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Strange things happen

This week, having told a client to leave their Geraniums in the pots outside, it promptly got down to -7 here in West Wales, -9 at Senni Bridge (no surprises there). Towards the end of the week, I noticed apart from a few damaged leaves, the stem and buds were intact. There were even flowers still on the Ivy-leaved hanging basket. I also noticed my Chilean Guava and a large Isoplexis sceptrum which rooted themselves in the ground were more or less unaffected. The Fuchsias were still flowering in the unheated glasshouses. Maybe the water barrels are doing their job. -7 seems a bit too cold for my liking. It started to feel like that horrible winter when I lost all my Proteas inside and out. Or is it a sort of British Rail thing, you know, the wrong kind of cold? Or even the right type for us gardeners!

Comments (4)

  1. Grower

    Jeremy Wright

    Interesting Rob. Though very cold, there's been no wind to speak of here in Somerset, and I wonder if that helps. That said, our Geraniums look far from happy after the extreme cold on Wednesday night. Not surprised at that.

  2. Grower

    Rob Johnson, Green & Furry pet and garden care

    Well, I think it's more down to how dry it has been perhaps. If you pack away geraniums as you are advised to, some old show folk in Lancishire used to dry their pels completey, wrap them in newspaper, and store them under the bed for the winter. Doing that here in Wales spells certain death for them through powdery mildew and botrytis it is so damp, even in a lot of houses, that is our problem, no matter which method you employ. I have noticed that people who are less fussy still have healthy plants by the following summer, much better I think to just let them get on with it, at least here where the cold isn't normally so fierce. A week ago one of my clients had a wax leaved begonia standing proud in the open border in full flower, I wonder if it is still there when I go tomorrow?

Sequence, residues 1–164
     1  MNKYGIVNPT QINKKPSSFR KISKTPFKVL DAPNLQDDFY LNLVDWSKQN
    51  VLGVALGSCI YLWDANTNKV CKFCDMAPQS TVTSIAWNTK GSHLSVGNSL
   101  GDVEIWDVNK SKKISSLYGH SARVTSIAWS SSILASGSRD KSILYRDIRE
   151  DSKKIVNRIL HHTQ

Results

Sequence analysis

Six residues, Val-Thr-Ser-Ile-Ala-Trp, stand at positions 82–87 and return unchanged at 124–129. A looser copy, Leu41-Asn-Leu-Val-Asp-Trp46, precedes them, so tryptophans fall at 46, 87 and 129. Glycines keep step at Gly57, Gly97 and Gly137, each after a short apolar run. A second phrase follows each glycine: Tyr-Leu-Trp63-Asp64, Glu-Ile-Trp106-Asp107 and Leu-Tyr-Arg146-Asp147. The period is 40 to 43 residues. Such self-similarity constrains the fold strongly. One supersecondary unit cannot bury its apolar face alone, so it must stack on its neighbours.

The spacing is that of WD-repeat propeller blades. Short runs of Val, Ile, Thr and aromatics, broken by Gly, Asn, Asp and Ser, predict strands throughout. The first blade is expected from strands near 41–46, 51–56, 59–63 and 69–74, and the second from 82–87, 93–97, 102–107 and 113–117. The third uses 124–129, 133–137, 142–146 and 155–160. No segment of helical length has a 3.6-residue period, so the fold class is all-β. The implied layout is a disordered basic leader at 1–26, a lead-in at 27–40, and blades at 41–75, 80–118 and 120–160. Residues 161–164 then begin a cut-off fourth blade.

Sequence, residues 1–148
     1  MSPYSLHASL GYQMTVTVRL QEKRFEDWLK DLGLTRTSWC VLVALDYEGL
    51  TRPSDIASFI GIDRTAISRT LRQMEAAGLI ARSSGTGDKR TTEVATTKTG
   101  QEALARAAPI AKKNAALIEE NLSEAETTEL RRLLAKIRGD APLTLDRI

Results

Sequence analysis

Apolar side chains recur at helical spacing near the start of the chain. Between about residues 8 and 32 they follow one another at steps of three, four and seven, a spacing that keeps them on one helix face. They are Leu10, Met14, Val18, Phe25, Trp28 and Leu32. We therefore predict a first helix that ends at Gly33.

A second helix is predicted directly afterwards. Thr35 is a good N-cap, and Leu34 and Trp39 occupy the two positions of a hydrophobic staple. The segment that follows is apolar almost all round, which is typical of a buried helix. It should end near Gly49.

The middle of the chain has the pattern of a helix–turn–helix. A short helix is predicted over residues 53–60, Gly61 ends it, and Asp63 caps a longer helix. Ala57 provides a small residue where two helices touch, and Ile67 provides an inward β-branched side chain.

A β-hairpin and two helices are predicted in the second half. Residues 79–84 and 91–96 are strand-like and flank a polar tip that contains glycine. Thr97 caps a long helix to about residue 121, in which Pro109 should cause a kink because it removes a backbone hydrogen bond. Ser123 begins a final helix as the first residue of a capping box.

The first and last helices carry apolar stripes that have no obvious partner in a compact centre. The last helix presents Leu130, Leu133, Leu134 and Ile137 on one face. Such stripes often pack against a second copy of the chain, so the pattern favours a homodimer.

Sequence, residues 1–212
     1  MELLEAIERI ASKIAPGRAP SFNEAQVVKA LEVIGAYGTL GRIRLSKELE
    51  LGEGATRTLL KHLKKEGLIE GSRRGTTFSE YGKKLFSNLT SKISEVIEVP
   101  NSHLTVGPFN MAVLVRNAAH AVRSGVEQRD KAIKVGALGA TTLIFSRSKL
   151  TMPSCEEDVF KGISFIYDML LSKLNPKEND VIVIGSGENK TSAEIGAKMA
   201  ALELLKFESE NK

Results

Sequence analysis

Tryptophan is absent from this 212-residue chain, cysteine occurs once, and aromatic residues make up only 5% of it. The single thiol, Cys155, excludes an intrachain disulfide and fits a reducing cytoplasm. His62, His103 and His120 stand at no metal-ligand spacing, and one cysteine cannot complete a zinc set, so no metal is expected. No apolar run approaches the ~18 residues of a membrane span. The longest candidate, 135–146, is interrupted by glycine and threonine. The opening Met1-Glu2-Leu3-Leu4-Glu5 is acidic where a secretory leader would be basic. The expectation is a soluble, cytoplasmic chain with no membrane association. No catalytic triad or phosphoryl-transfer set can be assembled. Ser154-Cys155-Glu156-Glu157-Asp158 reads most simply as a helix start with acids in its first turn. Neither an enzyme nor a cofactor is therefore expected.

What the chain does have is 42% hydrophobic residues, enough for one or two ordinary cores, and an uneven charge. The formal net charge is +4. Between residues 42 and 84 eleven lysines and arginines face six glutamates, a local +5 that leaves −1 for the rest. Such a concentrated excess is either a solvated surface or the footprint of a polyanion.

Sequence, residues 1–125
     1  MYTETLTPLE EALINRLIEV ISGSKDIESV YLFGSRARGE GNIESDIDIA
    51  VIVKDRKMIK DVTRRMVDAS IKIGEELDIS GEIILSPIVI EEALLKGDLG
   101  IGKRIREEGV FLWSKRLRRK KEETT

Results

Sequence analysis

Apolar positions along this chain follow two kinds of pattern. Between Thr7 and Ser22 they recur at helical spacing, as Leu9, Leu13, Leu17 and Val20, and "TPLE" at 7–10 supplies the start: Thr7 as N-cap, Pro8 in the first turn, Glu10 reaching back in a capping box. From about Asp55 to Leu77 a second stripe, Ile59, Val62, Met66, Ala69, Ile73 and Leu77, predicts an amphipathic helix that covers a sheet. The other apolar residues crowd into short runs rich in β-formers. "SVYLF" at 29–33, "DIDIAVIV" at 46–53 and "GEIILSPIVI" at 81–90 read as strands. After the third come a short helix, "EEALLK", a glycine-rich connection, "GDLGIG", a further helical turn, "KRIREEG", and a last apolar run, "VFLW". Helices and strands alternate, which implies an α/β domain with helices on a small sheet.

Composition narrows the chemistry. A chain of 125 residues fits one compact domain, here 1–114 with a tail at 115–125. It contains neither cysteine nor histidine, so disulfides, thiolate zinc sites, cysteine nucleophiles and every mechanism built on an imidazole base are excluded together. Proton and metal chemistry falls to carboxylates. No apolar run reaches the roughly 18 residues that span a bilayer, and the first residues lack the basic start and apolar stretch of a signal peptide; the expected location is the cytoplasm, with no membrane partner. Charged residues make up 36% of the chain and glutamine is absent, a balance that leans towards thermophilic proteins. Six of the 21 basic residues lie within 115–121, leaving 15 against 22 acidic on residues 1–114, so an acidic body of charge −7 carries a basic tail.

Even these can come back from the dead here if they are cut down. I noticed the oca I have growing in a tub outside has been cut back, still growing happily under glass, I think those water barrels are working. A Californian white sage I forgot to put inside still looks unaffected, these are normally good down to about -3, maybe it just wasn't quite as cold in our garden, who can tell. Oh, and, my Washington naval orange............. unaffected as yet in the open, too heavy to move anyway, it normally suffers only when the frost comes during March, I suppose things are starting to stir by then and it is not prepared for any frost, aren't we all like that?

  3. Grower

    Jeremy Wright

    I agree it's often the late frosts, and not necessarily fierce ones, that tend to do the most damage because they catch new leaves and buds.

  4. Grower

    Rob Johnson, Green & Furry pet and garden care

    That lovely wax begonia I mentioned has succomed, so we don't always have it our own way!

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